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Microsoft Pri0

Welcome to Microsoft Pri0: That's Microspeak for top priority, and that's the news and observations you'll find here from Seattle Times technology reporter Matt Day.

July 21, 2006 at 4:21 PM

Microsoft confirms Zune music player

Steve Jobs in January: “What’s going to happen is that Microsoft is going to have to get into the hardware business of making MP3 players. This year.”


Microsoft today: “We confirmed a new music and entertainment project called Zune. Under the Zune brand, we will deliver a family of hardware and software products, the first of which will be available this year. We see a great opportunity to bring together technology and community to allow consumers to explore and discover music together.”

Think Apple might be a little ready for this?

Microsoft confirmed a few of the rumors today and said that, yes, it is going to have a device with the Zune brand on store shelves by the holidays.

Zune has two developer blogs and its own “coming attractions” Web site. (Are those incompatible with Firefox or is it just me?)

Microsoft chose Billboard magazine as the place to officially confirm Zune, an unusual step that may signal where the company is headed with its marketing and approach to the product launch.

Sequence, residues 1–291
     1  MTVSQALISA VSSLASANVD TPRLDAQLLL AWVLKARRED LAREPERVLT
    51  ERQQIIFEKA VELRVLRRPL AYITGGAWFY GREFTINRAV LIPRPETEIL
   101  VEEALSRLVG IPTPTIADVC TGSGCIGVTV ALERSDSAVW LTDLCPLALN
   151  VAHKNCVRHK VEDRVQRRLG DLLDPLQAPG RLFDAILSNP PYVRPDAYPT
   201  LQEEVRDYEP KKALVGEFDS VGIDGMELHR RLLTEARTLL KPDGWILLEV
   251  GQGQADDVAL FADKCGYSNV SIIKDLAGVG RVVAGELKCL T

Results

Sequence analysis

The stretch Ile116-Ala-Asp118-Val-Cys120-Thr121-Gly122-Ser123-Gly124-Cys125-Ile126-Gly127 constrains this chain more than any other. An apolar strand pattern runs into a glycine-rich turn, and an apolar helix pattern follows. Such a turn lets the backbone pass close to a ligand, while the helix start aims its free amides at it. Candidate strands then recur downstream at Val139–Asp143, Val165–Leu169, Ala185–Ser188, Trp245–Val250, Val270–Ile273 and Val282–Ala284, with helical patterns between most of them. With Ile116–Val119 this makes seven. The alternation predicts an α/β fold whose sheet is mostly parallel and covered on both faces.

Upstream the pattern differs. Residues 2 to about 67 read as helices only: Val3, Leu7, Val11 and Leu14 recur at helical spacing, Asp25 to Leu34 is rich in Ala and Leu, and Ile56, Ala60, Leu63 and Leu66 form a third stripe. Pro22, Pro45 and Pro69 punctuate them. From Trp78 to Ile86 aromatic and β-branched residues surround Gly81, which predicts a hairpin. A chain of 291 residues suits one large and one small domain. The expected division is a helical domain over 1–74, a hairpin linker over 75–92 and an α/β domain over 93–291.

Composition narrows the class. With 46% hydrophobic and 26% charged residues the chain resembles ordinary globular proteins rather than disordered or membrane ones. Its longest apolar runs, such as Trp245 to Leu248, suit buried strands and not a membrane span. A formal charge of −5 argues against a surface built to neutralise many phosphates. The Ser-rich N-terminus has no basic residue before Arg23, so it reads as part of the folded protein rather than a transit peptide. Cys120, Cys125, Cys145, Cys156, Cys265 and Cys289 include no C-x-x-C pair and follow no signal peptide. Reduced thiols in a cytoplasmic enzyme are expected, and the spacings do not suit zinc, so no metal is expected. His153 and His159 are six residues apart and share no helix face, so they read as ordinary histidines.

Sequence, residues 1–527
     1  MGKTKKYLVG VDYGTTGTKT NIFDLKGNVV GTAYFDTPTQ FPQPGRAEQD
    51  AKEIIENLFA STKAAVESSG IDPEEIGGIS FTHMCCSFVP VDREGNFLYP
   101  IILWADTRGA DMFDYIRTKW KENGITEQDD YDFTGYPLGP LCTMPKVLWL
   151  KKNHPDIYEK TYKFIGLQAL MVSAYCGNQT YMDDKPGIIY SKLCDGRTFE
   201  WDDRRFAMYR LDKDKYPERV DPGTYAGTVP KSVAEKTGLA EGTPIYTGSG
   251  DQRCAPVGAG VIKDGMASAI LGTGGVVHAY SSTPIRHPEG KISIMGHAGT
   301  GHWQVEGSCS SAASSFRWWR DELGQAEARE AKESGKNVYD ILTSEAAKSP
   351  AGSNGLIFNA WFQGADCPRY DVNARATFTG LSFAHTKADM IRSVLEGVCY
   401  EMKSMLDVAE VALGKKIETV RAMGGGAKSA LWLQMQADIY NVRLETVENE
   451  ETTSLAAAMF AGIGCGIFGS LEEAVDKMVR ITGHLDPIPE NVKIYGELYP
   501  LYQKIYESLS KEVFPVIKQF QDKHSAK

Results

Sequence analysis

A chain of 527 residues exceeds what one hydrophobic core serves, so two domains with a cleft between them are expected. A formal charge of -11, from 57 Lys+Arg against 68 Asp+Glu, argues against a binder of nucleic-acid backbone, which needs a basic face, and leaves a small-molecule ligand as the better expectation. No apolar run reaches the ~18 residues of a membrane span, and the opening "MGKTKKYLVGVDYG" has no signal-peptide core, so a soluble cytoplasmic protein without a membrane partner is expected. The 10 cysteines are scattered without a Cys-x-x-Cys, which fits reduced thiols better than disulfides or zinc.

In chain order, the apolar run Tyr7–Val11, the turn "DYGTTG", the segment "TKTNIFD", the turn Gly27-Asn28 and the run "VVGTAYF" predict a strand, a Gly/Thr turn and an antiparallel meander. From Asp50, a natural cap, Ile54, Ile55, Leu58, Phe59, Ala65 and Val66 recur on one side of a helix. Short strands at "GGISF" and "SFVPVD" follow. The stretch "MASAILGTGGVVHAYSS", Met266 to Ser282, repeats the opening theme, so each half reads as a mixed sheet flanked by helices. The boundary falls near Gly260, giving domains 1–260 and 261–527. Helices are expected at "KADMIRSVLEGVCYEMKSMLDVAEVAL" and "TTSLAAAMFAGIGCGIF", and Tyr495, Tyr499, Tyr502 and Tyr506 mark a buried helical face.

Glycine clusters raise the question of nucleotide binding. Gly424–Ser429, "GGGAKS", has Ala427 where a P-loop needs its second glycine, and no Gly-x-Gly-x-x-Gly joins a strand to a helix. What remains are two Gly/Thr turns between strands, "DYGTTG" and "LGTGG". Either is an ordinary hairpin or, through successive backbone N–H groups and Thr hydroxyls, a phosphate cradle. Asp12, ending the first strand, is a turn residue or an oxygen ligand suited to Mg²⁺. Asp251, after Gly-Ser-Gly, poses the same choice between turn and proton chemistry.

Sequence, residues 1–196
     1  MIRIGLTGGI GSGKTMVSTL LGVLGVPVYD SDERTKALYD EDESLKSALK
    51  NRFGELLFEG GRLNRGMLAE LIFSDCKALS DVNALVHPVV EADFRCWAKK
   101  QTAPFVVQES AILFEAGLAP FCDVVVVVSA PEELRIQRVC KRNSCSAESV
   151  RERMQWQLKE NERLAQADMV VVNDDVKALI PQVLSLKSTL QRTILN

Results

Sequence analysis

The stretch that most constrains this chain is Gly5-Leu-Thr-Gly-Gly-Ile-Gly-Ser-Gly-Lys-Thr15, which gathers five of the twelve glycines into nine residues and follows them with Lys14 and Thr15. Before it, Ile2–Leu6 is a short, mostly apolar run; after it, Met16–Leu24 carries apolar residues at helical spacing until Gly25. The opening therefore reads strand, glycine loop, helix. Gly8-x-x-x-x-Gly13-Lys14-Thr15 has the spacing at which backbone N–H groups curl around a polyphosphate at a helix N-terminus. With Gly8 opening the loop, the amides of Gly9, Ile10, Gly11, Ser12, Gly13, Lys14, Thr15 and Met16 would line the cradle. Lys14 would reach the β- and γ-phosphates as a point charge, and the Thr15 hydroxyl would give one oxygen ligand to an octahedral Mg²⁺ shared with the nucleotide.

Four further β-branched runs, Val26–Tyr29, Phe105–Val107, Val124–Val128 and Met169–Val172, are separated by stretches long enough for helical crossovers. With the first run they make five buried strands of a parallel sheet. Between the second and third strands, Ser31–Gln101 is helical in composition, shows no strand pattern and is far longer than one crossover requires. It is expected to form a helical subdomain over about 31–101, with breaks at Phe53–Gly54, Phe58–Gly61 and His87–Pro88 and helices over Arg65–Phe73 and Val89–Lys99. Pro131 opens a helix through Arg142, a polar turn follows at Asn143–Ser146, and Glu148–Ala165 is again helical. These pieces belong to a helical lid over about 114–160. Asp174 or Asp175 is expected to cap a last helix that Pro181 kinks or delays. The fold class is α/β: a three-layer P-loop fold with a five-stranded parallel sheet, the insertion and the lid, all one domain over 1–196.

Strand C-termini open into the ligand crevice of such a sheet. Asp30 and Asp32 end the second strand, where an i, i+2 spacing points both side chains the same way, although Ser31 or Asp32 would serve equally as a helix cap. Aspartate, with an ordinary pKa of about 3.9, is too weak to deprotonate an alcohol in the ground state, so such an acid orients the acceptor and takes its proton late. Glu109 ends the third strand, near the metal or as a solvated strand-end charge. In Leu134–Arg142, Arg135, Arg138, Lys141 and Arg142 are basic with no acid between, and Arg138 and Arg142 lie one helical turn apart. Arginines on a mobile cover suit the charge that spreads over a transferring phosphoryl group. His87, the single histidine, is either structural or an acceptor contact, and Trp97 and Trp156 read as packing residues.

Some initial reaction to the announcement:

Jupiter analyst Michael Gartenberg: “Bottom line, when Microsoft decides to enter a market, you can’t ignore the impact they will make. It’s likely that by force of will and spending lots of money on marketing with a high cost of acquisition on new users, they will can capture some market share.”

Microsoft Watch: “The biggest challenge for Microsoft, at least in the short term, will be to make sure the Zune reality measures up to the hype, so the company doesn’t repeat its overpromising/underdelivering strategy, as it did with the ‘Origami’ Ultra-Mobile PCs.”

Microsoft Monitor: “The time has come when Microsoft is willing to compete, and sometimes fiercely so, with its partners.”

TechCrunch: “It will be interesting to see if the company can take a position of real innovation or whether Zune will just be a case of playing catch up — at the risk of feature overload.”

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